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Yúcahu
Yúcahu[1] —also written as Yukajú, Yocajú, Yokahu or Yukiyú— was the masculine spirit of fertility in Taíno mythology.[2] He was one of the supreme deities or zemís of the Pre-Columbian
Pre-Columbian
Taíno peoples along with his mother Atabey who was his feminine counterpart.[3] Dominant in the Caribbean
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El Yunque (Puerto Rico)
Pico El Yunque or El Yunque Peak is a mountain that is located fully within the boundaries of the El Yunque National Forest, part of the U.S. Forest Service, which is the only tropical rainforest that belongs to the U.S. Forest Service. The peak itself is one of the highest in Puerto Rico, standing at 1,080 meters (3543 feet) above sea level
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Creation Myth
A creation myth (or cosmogonic myth) is a symbolic narrative of how the world began and how people first came to inhabit it.[2][3][4] While in popular usage the term myth often refers to false or fanciful stories, members of cultures often ascribe varying degrees of truth to their creation myths.[5][6] In the society in which it is told, a creation myth is usually regarded as conveying profound truths, metaphorically, symbolically and sometimes in a historical or literal sense.[7][8] They are commonly, although not always, considered cosmogonical myths – that is, they describe the ordering of the cosmos from a state of chaos or amorphousness.[9] Creation myths often share a number of features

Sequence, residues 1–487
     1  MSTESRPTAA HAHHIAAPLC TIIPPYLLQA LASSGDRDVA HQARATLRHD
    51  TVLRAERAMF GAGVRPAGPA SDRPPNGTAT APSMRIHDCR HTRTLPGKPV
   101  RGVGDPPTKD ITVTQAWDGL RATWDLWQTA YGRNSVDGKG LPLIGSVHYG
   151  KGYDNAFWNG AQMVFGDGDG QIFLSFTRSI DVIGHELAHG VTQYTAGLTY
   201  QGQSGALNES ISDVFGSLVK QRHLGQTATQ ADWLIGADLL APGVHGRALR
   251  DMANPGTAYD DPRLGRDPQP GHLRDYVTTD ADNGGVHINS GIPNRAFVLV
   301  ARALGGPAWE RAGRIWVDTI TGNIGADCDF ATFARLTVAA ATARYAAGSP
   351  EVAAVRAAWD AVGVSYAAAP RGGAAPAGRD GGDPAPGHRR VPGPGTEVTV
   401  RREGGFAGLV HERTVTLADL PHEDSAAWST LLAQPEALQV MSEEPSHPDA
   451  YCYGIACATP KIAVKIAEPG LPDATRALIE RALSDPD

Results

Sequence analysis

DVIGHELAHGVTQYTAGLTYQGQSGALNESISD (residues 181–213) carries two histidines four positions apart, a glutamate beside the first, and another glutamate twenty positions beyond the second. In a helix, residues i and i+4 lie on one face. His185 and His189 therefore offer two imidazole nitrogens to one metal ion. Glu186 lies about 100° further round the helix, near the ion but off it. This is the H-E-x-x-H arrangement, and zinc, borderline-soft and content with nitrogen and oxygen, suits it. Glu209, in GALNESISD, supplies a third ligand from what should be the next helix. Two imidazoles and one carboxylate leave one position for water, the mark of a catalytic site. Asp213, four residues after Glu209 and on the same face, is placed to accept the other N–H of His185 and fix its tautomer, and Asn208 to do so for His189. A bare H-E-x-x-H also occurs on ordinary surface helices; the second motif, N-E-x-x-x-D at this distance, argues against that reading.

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Special
Special
Special
or specials may refer to:Contents1 Music 2 Film and television 3 Other uses 4 See alsoMusic[edit] Special
Special
(album), a 1992
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International Standard Book Number
The International Standard Book
Book
Number (ISBN) is a numeric commercial book identifier which is intended to be unique.[a][b] Publishers purchase ISBNs from an affiliate of the International ISBN Agency.[1] An ISBN is assigned to each edition and variation (except reprintings) of a book. For example, an e-book, a paperback and a hardcover edition of the same book would each have a different ISBN. The ISBN is 13 digits long if assigned on or after 1 January 2007, and 10 digits long if assigned before 2007. The method of assigning an ISBN is nation-based and varies from country to country, often depending on how large the publishing industry is within a country. The initial ISBN identification format was devised in 1967, based upon the 9-digit Standard Book